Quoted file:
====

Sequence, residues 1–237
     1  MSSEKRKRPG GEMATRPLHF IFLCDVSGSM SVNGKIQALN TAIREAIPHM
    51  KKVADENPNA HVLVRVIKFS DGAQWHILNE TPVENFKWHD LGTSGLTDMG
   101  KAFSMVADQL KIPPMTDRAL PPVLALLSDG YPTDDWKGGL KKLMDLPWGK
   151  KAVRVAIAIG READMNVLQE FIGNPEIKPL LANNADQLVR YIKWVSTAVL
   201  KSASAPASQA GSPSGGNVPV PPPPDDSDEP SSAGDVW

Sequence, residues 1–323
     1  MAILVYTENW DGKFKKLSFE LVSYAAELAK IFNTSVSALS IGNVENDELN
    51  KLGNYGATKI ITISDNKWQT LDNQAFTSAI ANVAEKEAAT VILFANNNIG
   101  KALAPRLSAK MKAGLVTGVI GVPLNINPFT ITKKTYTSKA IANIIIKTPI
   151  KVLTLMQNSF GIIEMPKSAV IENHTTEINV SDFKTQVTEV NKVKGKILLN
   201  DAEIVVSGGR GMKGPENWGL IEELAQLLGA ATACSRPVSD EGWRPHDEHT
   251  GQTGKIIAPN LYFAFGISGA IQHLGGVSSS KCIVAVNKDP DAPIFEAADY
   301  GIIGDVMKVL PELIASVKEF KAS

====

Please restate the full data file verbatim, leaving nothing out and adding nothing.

Sequence, residues 1–237
     1  MSSEKRKRPG GEMATRPLHF IFLCDVSGSM SVNGKIQALN TAIREAIPHM
    51  KKVADENPNA HVLVRVIKFS DGAQWHILNE TPVENFKWHD LGTSGLTDMG
   101  KAFSMVADQL KIPPMTDRAL PPVLALLSDG YPTDDWKGGL KKLMDLPWGK
   151  KAVRVAIAIG READMNVLQE FIGNPEIKPL LANNADQLVR YIKWVSTAVL
   201  KSASAPASQA GSPSGGNVPV PPPPDDSDEP SSAGDVW

Sequence, residues 1–323
     1  MAILVYTENW DGKFKKLSFE LVSYAAELAK IFNTSVSALS IGNVENDELN
    51  KLGNYGATKI ITISDNKWQT LDNQAFTSAI ANVAEKEAAT VILFANNNIG
   101  KALAPRLSAK MKAGLVTGVI GVPLNINPFT ITKKTYTSKA IANIIIKTPI
   151  KVLTLMQNSF GIIEMPKSAV IENHTTEINV SDFKTQVTEV NKVKGKILLN
   201  DAEIVVSGGR GMKGPENWGL IEELAQLLGA ATACSRPVSD EGWRPHDEHT
   251  GQTGKIIAPN LYFAFGISGA IQHLGGVSSS KCIVAVNKDP DAPIFEAADY
   301  GIIGDVMKVL PELIASVKEF KAS